12:07: Perez-Tasso moves on to partnerships, asking Toivonen for recommendations and lessons learned.
12:05: There is a history of collaboration in Norway when it comes to developing underlying infrastructure. In the past 10-15 years we have harvested more than we have invested up until two years ago when we made key strategic decisions, as a result of which we will have a shared payments infrastructure in Norway that will be cost effective, safe and open.
12:02: Kreutzer says PSD2 as a regulatory response to a lack of success in the industry in developing effective cross-border payments in Europe. There is a link between a too-slow response and regulatory change. From a Norwegian point of view we have always tried to be internationally oriented. We are dependent on importing and exporting. We are a small open economy and international payment structures are key to a well functioning economy for us. We are 5.3m people and we have more than 120 banks - so the average bank in Norway is relatively small. It's important that we have easy access to effective infrastructure. 90% of all businesses in Norway have less than 11 employees. We have a business landscape characterised by SMEs. So the financial services landscape reflects that.
12:01: Perez-Tasso is shifting the focus to renewal of wholesale payments market infrastructure, both domestic and cross-border... Asks Kreutzer to update on back-end initiatives in Norway.
12:00: But banks need to make sure they are both solving customer problems and making back office systems more efficient.
11:58: There are many technologies today with the potential to be game changers for the banking industry, Bentestuen says. New technology combined with the investment capital going into fintech will challenge and change several of our value chains, he says. He refers to P2P lending and says what impresses him most is the back office set-up. It's scalable from here to eternity. And the risk assessment is done totally differently. They don't look backwards to make credit assessments. There are some new technologies that will fundamentally challenge the banking industry both in the back office and the consumer interface.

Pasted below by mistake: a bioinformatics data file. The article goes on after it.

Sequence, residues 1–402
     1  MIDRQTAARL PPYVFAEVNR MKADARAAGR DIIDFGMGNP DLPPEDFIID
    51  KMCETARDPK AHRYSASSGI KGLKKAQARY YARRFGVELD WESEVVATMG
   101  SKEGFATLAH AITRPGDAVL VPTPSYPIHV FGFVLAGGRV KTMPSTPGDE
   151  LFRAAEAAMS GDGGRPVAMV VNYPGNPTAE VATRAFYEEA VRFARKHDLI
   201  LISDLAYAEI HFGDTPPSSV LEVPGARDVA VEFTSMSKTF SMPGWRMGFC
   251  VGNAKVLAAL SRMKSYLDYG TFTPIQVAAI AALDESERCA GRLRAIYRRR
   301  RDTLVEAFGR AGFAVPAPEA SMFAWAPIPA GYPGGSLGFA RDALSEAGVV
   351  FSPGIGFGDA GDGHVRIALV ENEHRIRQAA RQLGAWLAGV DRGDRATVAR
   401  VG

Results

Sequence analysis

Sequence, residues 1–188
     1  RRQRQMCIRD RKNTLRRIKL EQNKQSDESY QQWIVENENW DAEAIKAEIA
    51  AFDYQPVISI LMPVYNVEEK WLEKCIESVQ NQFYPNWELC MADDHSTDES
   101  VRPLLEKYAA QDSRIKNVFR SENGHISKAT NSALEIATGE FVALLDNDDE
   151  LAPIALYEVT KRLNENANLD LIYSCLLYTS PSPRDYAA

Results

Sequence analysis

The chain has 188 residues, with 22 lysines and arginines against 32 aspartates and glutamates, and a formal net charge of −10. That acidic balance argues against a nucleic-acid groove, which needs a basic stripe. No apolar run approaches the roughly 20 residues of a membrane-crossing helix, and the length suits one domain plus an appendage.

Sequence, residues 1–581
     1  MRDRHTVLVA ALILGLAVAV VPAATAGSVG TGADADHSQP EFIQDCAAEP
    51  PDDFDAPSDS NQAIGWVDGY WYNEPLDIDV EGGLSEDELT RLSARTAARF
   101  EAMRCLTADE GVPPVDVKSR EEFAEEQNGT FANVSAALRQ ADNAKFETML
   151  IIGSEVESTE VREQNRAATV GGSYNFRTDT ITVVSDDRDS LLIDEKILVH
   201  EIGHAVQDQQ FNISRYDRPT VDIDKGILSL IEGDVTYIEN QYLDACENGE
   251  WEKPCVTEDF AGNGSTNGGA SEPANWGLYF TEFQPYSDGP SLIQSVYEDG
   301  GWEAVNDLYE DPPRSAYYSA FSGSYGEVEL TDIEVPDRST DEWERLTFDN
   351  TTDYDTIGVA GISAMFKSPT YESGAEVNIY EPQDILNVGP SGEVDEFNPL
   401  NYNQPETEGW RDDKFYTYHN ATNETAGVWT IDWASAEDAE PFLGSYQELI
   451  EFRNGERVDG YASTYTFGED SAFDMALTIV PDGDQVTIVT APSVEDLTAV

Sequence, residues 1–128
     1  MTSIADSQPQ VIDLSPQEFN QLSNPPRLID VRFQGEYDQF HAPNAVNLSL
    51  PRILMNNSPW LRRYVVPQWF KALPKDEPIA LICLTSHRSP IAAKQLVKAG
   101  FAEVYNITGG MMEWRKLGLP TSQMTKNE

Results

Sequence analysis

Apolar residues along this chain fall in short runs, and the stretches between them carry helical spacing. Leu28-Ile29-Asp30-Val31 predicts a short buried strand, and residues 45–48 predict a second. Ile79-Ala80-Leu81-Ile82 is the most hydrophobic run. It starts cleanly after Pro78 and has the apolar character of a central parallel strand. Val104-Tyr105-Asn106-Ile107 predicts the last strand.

11:58: Perez-Tasso picks up the digital ID theme and puts it to Bentestuen...
11:56: Kreutzer weighs in on the subject of how to treat information. References Google's requests to access his information... In the disruptive landscape we have seen too much uncritical use of and collection of and management of information. Entering the financial services landscape we cannot have that kind of uncritical use of and storage of information, he says. With PSD2 one of the critical issues that has raised a lot of discussion is how to treat information about the digital identity which is key to secure payment system. It's a good thing that this is on the agenda, and that will continue in the name of consumer protection.
11:54: The learnings should be taken from internet startups he says - they do not try to build everything inhouse. They build APIs to let others leverage their data and extend their services. It's not an island where you control all the data and provide all the services. How to get from large legacy systems to a more modern software stack... there are approaches around re-doing core banking and an iterative approach works well too. First start to open up internally interfaces/APIs for internal startups before you open up for external developers which PSD2 will force everyone to do. Can you apply the same methods for internal projects first?
11:53: He confirms that regulation has been the enabling not the limiting factor. Holvi doesn't see the Uber approach - building new services by breaking existing laws a bit - as the way to go in financial services. He welcomes sensible regulation (PSD) which has fulfilled the objectives of consumer protection and competition. Looking at PSD2 he says it will bring more changes, especially as account servicing providers will need to open up access to their systems. This is where legacy systems will create very big challenges, he says.
11:52: Perez-Tasso is asking Toivonen about how regulation has helped Holvi, and how banks will cope with new innovations and update legacy systems.
11:51: Returning to his theme Bentestuen says, we have to stay customer focused...